Fireballs striped across northern Texas last night, leading to reports of bright flashes and hundreds of sonic boom witnesses.
The astronomical drama occurred on Sunday (July 25) around 9 pm local time. According to CBS Dallas Fort Worth..Since then, the non-profit American Meteor Society (AMS) has recorded. 213 reports of fireballsIncludes 3 videos. Witnesses were primarily in northeastern Texas, but some reported seeing fireballs on Oklahoma, Missouri, Arkansas, and Louisiana.
The fireball video shows a large object striped across the sky for a few seconds. Most people who reported seeing a fireball estimated that the fireball would last 3 to 4 seconds. About 14 people who saw the object said they made a noise across the sky.
According to AMS, the fireball is a meteor that is about as bright as Venus in the evening sky.As This NASA map shows, Fireballs occur regularly all over the world. According to NASA, these objects can grow significantly over 3 feet (1 meter) in diameter before they begin to burn due to atmospheric friction. Some larger fireballs may explode into debris, which meteorite hunters may find, but they usually do not survive to reach the ground. A fireball that explodes is known as a fireball.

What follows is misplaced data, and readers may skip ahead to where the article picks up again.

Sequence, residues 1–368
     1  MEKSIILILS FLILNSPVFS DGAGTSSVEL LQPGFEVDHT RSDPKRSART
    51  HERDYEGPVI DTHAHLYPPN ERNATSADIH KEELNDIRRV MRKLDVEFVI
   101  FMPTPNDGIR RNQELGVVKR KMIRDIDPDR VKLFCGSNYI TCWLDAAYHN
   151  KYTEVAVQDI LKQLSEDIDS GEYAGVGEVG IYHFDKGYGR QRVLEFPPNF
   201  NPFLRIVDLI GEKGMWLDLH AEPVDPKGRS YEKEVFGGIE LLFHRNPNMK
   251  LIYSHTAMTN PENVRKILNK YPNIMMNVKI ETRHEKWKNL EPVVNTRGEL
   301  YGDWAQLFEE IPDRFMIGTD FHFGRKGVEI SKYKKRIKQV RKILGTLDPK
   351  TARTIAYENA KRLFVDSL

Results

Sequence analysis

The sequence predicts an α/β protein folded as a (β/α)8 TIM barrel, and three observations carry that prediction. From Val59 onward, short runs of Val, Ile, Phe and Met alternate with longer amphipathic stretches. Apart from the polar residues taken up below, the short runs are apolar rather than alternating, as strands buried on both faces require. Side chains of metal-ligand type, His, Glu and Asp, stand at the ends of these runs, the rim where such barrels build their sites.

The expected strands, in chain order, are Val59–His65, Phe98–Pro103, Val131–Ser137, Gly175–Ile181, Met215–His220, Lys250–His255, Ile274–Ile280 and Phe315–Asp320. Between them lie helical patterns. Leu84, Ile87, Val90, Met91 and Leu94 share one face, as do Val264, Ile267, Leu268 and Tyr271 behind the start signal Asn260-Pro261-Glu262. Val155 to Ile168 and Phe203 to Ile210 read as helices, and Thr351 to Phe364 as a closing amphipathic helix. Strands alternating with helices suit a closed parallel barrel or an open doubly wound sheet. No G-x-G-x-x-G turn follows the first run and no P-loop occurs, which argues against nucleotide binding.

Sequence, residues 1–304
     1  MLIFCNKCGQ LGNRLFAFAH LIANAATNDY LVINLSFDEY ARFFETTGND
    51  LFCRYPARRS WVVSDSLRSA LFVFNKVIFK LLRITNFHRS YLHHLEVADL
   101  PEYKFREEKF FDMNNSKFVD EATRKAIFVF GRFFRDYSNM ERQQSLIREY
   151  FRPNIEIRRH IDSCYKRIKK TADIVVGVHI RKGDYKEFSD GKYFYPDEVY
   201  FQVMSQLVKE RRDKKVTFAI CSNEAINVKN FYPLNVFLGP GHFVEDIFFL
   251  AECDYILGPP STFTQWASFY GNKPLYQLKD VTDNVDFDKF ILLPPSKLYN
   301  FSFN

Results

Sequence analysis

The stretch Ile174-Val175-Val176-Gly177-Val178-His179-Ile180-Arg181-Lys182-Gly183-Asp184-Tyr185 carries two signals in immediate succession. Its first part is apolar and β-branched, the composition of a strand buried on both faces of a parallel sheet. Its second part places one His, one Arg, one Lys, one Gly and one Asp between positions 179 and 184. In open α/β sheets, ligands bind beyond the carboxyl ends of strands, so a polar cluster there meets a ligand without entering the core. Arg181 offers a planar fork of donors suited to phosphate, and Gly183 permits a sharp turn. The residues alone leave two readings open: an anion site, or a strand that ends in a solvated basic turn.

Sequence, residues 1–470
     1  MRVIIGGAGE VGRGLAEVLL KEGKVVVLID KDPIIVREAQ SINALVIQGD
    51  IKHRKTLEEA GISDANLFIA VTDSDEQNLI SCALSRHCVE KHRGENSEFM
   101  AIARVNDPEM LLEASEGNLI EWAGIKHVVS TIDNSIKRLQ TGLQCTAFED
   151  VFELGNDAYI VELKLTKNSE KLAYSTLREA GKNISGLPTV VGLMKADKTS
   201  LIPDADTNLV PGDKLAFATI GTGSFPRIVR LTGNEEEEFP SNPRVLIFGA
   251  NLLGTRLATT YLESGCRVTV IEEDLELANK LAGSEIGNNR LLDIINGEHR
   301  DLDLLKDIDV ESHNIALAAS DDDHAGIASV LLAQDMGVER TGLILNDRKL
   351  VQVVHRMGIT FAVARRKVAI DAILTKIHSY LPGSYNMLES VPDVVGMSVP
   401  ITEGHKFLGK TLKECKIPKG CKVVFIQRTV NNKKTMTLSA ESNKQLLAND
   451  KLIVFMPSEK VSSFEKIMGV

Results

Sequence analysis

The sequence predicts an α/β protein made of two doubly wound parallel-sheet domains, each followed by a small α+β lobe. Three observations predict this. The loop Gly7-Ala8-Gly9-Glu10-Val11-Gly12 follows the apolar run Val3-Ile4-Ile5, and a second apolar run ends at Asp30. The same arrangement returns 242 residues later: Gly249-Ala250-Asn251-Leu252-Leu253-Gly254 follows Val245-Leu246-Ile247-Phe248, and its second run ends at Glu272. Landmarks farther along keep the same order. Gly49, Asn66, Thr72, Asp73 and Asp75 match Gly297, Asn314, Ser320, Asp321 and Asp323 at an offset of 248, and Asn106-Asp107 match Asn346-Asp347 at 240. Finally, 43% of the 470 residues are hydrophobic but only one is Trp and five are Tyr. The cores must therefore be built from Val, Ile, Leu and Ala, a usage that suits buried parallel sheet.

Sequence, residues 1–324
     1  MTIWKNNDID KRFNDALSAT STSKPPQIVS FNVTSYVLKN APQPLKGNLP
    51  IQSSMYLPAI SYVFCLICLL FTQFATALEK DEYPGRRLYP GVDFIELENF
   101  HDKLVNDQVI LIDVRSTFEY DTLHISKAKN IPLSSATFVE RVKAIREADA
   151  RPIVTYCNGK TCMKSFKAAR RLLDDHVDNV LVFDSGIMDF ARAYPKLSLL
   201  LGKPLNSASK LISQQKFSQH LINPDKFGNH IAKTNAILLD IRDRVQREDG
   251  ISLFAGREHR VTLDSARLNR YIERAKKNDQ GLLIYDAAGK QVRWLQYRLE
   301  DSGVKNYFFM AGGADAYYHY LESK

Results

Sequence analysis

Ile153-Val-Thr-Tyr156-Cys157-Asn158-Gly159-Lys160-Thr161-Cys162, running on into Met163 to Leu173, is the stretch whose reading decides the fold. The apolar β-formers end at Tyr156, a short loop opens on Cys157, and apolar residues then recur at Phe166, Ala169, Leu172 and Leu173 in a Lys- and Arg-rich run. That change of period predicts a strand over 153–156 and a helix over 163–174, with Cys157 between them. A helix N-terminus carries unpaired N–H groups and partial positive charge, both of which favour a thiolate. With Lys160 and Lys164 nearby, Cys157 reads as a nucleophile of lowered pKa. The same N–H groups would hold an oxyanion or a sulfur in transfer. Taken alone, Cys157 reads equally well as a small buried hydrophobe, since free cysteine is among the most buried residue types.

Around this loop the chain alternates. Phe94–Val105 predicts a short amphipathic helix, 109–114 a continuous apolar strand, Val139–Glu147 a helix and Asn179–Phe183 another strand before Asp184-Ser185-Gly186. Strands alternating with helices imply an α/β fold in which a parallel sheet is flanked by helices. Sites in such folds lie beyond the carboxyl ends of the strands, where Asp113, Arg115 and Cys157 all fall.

The widespread use of doorbell cameras, cell phones and dash cams means that many fireballs are now being captured in video. Illuminated the sky above Tennessee Last summer Bright green one It surprised researchers on board a Tasman Sea ship in the fall. In front of the fireball that fell in Texas, there was a large meteorite in just a few hours. Explosion in Norway..
March, A fireball large enough to see During the day, the sonic boom shook England, Wales and northern France. The British fireball in February scattered meteorites over a large area. Including one family driveway..
Thousands of small meteorites Most fall unnoticed by the ocean or in less populated areas, but hit the earth every year. Thousands of rocks and cosmic dust are completely burned out in the atmosphere and can only be seen as meteors. The next best time to see a meteor is in August, when the Earth passes through the protracted debris left by Comet Swift-Tuttle, creating an annual meteor shower known as the Perseids meteor shower. These meteors are too small to reach Earth, but they create a light show of up to 100 shooting stars per hour.
Originally published in Live Science
Fireball streaks across North Texas, creating light show and sonic boom Source link Fireball streaks across North Texas, creating light show and sonic boom